Karen above her farmLyman Estate has about 3200 Coffea Arabica trees of the Kona Typica variety. We planted them in a 6 x 12 foot pattern so that we can use a tractor for mowing or foliar feeding. A "hog wire" fence keeps wild pigs from chewing up our water lines and destroying our top soil. For our many efforts, the Kona Soils and Water Conservation District graced us with their "Cooperator of the Year 2008 Award". For all of our years, we have been employing exclusively 100% organic practices: No synthetic pesticides or herbicides, or fertilizers. We have our own mulch piles, we are composting; we are whacking, mowing and pulling weeds. We have planted cover crops. Being Certified Organic is a lot more work and is more expensive than conventional farming. Of 750 Kona Coffee farms, only about 40 are Certified Organic. Hans frequently questions his sanity (as do all of his happily retired friends). We have also planted over 60 different types of tropical fruit trees, vines, and bushes. We have an organic herb- and vegetable garden: our goal is to become not only fully sustainable, but mor self-sufficient. We expect to reach fruit independence sooner or later: many fruit trees take 10 years or more to bear fruit (at our elevation). Of course we are also raising our own coffee seedlings (for replacements), as well as cacao, beans, peas, eggplant, etc. We are experimenting with our own chocolate and are planning a hydro-ponic set-up.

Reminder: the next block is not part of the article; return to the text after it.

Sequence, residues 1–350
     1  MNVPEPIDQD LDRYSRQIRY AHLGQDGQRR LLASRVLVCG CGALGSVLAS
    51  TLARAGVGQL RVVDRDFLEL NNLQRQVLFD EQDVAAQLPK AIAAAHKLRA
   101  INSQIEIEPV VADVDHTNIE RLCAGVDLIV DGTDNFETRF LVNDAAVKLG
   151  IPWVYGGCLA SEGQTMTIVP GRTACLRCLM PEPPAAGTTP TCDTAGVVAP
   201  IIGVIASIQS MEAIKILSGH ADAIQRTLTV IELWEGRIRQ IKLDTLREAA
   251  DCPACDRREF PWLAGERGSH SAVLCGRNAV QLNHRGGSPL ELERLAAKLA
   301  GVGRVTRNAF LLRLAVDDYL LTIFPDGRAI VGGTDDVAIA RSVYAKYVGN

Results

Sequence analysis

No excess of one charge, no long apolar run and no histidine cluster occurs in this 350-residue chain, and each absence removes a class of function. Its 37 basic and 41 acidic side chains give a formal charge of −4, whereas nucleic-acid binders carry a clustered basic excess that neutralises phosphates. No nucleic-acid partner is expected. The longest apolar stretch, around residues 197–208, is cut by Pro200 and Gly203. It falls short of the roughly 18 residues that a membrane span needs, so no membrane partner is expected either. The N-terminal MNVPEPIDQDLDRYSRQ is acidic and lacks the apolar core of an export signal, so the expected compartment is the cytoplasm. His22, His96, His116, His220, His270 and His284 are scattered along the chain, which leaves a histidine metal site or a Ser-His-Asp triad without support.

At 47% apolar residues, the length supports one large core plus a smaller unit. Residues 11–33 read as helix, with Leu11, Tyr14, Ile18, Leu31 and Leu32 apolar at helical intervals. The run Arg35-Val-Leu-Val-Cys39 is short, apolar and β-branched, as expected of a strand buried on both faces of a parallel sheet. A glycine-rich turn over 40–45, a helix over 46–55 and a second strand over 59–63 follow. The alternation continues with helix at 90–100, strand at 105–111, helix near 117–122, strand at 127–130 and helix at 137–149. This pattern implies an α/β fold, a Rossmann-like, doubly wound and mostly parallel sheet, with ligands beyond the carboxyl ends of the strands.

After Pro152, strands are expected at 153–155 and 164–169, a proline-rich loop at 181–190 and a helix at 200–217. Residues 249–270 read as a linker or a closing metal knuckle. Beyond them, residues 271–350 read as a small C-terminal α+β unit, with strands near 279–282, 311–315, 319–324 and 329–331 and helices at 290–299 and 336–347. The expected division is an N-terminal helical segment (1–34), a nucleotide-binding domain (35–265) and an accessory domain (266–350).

We have our own state-of-the-art “wet mill” to process all of our coffee and our own 1600 square foot sun-drying deck. When sunshine does not fully cooperate to dry the parchment beans to the desired humidity, we use our own Coffee Finish Dryer. This is an efficient monster that can dry moist or wet parchment within days. We built this ourselves with the design of a professor of Agricultural Engineering at U.H.: it is the first of its kind anywhere. The quiet de-humidifier is powered by solar electricity, and the beans are not tossed around like in other drying machines. We also have our own climate controlled storage container and our own fluid bed air coffee roaster. Our trees have reached full productivity, and we harvest about 30 thousand pounds of Coffee Cherry per year. We are doing all of the processing, drying, storing, roasting and selling of our own product alone, here on our family farm -- and we love it with a passion.